H e a r t S o n s & H e a r t D a u g h t e r s of A l l e n G i n s b e r g
N a p a l m H e a l t h S p a : R e p o r t 2 0 1 4 : A r c h i v e s E d i t i o n
With Hopper and Reznikoff in Thailand
In today's New York Times, Jori Finkel writes of Edward Hopper's enormous influence
on our culture and quotes the owner of a San Francisco gallery as saying, "Hopper is
huge,” Mr. Fraenkel said. “I think he’s had a pervasive impact on the way we see the
world, so pervasive as to be almost invisible." I'm not as sure as Finkel is, that Hopper
was the first artist or writer to capture the spirit that we find in Hopper's paintings, but I
agree that his impact is so large as to be invisible. Certainly, the spirit that moves through
Hopper, moves with a presence much larger than style, and is more accurately described
as a sensibility.
I won't attempt to describe Hopper's impact on others, but I know that his paintings have
given me an approach to the situations I find myself in all of the time as a travel writer in
strange lands. When you travel alone, and frequently, as I do, you often find yourself in
an interior zone that feels much like what comes out of one of Hopper's urban scenes.
You're in a cafe, a hotel lobby or buying a newspaper and you're somehow inside of but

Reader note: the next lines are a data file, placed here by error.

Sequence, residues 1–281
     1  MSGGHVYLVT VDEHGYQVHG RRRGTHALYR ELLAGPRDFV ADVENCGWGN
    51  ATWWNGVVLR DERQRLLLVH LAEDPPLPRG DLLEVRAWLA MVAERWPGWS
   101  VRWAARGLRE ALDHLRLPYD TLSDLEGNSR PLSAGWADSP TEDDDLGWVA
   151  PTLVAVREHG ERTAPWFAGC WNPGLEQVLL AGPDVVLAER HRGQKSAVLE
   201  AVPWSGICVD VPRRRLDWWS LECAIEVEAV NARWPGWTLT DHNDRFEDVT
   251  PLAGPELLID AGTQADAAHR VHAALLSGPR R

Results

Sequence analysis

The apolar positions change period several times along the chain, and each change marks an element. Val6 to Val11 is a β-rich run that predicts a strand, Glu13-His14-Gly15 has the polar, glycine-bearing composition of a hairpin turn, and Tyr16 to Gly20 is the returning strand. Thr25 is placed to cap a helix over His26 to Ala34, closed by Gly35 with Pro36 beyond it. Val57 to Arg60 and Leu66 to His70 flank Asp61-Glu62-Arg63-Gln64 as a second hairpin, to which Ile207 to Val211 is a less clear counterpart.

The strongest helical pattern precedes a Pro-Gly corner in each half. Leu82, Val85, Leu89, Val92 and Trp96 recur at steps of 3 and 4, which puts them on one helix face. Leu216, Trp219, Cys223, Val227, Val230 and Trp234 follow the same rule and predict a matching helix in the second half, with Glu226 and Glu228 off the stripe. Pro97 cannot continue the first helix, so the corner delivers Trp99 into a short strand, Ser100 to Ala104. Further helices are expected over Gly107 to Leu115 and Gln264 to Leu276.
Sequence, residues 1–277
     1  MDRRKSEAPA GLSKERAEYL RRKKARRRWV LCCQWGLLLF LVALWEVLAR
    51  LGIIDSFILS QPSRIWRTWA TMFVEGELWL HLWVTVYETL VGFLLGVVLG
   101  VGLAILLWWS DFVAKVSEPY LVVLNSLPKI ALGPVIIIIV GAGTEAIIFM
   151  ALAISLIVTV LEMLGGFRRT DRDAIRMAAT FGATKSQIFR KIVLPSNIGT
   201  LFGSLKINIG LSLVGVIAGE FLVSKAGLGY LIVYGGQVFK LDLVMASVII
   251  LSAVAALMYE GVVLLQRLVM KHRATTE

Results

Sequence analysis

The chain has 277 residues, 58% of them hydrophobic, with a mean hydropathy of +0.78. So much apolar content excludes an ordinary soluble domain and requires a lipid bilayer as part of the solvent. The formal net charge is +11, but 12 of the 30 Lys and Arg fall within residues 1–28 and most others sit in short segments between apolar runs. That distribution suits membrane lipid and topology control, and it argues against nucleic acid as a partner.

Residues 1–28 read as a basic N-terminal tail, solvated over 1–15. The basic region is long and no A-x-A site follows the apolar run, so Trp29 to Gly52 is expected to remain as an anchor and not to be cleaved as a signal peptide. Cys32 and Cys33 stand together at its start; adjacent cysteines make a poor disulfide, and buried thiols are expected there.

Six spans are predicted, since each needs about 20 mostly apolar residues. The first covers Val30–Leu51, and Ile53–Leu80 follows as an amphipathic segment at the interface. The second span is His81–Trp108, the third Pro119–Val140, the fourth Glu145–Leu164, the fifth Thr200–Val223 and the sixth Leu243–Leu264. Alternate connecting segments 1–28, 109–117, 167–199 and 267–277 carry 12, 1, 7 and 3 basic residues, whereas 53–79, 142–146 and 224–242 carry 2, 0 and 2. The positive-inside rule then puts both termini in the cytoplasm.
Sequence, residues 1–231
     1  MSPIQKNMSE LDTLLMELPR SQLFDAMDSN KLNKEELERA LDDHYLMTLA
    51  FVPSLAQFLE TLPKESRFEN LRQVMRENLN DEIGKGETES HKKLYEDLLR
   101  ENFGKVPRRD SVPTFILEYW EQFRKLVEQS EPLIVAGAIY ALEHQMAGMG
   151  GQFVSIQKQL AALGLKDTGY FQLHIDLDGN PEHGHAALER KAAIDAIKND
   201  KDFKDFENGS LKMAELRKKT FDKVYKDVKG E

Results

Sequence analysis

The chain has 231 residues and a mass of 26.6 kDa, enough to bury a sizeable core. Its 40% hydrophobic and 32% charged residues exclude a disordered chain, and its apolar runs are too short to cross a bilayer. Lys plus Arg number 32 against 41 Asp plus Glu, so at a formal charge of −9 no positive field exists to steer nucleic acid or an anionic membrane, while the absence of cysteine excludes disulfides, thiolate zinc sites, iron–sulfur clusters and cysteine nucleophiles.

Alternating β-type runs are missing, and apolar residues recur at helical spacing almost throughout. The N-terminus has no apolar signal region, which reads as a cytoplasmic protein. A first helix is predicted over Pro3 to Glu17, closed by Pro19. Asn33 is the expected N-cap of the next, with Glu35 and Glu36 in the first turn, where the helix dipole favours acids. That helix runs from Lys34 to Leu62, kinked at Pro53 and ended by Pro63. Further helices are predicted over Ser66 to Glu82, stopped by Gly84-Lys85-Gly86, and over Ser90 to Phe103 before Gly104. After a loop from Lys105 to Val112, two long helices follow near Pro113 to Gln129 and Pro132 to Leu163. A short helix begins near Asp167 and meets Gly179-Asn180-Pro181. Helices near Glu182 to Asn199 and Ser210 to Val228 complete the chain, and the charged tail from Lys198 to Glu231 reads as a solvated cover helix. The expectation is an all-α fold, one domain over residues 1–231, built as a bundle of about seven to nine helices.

not part of the social dance going on around you. Simultaneously isolating and
comforting, there is a tangible relief in not being attached to your own history.
It calls to mind the Objectivist poetry of Charles Reznikoff. His most famous line
describes how the ruins of a building can create that otherworldly feeling.
The house-wreckers have left the door and the staircase,
now leading to the empty room of night
When we rip ourselves out of our normal contexts, we are essentially leaving only the
door and the staircase of our lives. As in the poem above, that often frames the edge
between where our thoughts & observations border on the big mysterious night beyond.
A few years ago, drinking beers in a ramshackle roadside bar in Pattaya, Thailand, it
occurred to me that it was precisely this feeling, as in a Hopper painting, that I was
traveling to find. At that moment, the bar maid sat opposite me. She asked where I was
from and what had brought me to Pattaya. I answered and asked how things were going
It was a friendly, disanimated conversation between two disconnected lives, looking out from the tangle of their own stories, for a relief from those stories.
March 1, 2009
[Reprinted from Unacknowledged Legislations, unacknowledgedlegislations.blogsopt.com, by permission of the author. Originally published in NHS 2009, http://www.poetspath.com/napalm/nhs09/James_Ruggia.htm.]